New Jersey v. A.M.

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Justia Opinion Summary

The issue this case presented for the New Jersey Supreme Court was whether defendant A.M., who spoke limited English, waived his constitutional right against self-incrimination pursuant to the Fifth Amendment. A.M. was convicted on multiple counts of the sexual assault of his fourteen year old step-granddaughter. Because defendant spoke little English and stated that he was more comfortable
with Spanish, Detective Richard Ramos assisted in translating the interview from English to Spanish. The entire interview was video-recorded to a DVD and later transcribed in English by a clerk-typist employed by the Bergen County Prosecutor’s Office. Before the interview, Detective Ramos reviewed with defendant a Spanish-language form prepared by the Bergen County Prosecutor’s Office, which listed each of defendant’s Miranda rights and contained a waiver paragraph. Detective Ramos read defendant his Miranda rights from the Spanish-language form, pausing after reading each one to ask defendant in Spanish if he understood. Defendant replied “sí” each time and initialed each line. Detective Ramos then handed the form to defendant to review the waiver portion and asked in Spanish, “Do you understand?” Defendant replied, “Sí,” and Detective Ramos told defendant to sign in two places, which defendant did. During the course of the interrogation that followed, defendant admitted to touching his step-granddaughter inappropriately. The Appellate Division reversed, finding the State failed to prove defendant made a voluntary decision to waive his Miranda rights. Although the Supreme Court surmised the better practice would have been to read aloud the form’s waiver portion to defendant, it relied on the trial court’s "well-supported observations and factual findings" and reversed the Appellate Division’s judgment.

SYLLABUS

This syllabus is not part of the Court’s opinion. It has been prepared by the Office of the
Clerk for the convenience of the reader. It has been neither reviewed nor approved by the
Court. In the interest of brevity, portions of an opinion may not have been summarized.

                            State v. A.M. (A-76-17) (080744)

Argued January 15, 2019 -- Decided April 1, 2019

SOLOMON, J., writing for the Court.

       The Court considers whether under Miranda v. Arizona,  384 U.S. 436 (1966),
defendant A.M., who speaks limited English, waived his constitutional right against self-
incrimination pursuant to the Fifth Amendment to the United States Constitution.

       Defendant was alone in his apartment with his fourteen-year-old step-
granddaughter, A.I., when he hugged her from behind, touching her breasts and vagina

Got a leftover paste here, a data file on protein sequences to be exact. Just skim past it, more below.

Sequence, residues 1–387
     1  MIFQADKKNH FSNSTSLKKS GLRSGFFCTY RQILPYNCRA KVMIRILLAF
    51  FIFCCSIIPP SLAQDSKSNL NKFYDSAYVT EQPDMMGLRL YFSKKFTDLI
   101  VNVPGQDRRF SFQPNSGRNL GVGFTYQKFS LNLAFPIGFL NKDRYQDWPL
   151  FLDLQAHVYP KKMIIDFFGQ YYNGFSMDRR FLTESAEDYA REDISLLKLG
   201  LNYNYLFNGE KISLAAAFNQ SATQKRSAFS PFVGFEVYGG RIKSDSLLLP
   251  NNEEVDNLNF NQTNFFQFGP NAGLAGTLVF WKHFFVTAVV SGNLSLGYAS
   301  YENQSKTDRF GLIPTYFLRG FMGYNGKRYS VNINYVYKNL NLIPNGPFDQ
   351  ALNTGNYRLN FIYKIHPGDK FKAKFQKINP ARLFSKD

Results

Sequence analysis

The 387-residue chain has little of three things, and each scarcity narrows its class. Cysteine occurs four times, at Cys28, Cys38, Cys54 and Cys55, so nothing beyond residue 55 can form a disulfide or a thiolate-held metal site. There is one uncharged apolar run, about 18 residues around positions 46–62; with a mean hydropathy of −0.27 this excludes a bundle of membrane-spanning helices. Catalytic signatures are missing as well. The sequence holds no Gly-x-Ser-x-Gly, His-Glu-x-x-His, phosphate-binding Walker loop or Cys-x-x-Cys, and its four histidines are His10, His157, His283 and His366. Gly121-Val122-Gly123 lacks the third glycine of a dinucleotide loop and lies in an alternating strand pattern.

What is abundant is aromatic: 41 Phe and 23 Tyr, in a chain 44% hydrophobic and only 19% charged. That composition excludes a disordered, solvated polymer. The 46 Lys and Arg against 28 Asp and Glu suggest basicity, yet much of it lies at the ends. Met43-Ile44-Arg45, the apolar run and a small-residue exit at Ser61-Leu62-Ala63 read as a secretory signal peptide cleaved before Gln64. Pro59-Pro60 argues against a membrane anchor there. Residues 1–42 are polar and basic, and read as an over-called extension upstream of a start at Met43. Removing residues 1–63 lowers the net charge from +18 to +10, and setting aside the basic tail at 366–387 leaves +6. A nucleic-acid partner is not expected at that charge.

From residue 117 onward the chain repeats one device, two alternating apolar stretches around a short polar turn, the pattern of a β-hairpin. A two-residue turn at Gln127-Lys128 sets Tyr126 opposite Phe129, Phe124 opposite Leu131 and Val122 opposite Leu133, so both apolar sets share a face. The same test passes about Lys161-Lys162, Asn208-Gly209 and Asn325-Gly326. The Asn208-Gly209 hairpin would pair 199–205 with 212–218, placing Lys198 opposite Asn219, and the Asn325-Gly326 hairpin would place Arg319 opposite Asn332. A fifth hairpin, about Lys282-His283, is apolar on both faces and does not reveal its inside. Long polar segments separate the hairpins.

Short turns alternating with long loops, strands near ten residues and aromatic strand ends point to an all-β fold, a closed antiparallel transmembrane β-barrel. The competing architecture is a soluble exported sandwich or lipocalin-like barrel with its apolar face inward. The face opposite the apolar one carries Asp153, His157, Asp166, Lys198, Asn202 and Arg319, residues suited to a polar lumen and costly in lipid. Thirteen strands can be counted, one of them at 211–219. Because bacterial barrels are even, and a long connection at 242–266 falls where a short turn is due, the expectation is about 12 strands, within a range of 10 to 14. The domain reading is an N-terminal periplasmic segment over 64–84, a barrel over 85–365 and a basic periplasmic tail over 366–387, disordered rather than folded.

over her bathing suit, and inserted at least one finger into her vagina. After learning of
the incident, A.I.’s mother contacted the Bergen County Prosecutor’s Office. Officers
went to defendant’s home and transported him to the Bergenfield Police Department.

       Because defendant spoke little English and stated that he was more comfortable
with Spanish, Detective Richard Ramos assisted in translating the interview from English
to Spanish. The entire interview was video-recorded to a DVD and later transcribed in
English by a clerk-typist employed by the Bergen County Prosecutor’s Office.

       Before the interview, Detective Ramos reviewed with defendant a Spanish-
language form prepared by the Bergen County Prosecutor’s Office, which listed each of
defendant’s Miranda rights and contained a waiver paragraph. Detective Ramos read
defendant his Miranda rights from the Spanish-language form, pausing after reading each
one to ask defendant in Spanish if he understood. Defendant replied “sí” (yes) each time
and initialed each line. Detective Ramos then handed the form to defendant to review the
waiver portion and asked in Spanish, “Do you understand?” Defendant replied, “Sí,” and
Detective Ramos told defendant to sign in two places, which defendant did.

       During the course of the interrogation that followed, defendant admitted to
touching his step-granddaughter inappropriately. A grand jury indicted defendant for
multiple counts of sexual assault and for endangering the welfare of a child.

       Defendant challenged the admission of his statement to police and Detective
Ramos’s translation of the interview. At the hearing on defendant’s suppression motion,
Detective Ramos testified that defendant “took his time reading [the form]. It appears to
                                             1
[him] that [defendant] did read it.” Detective Ramos acknowledged that he did not ask
any questions to determine defendant’s educational background or literacy level. He also
testified about discrepancies between the video recording and the transcript of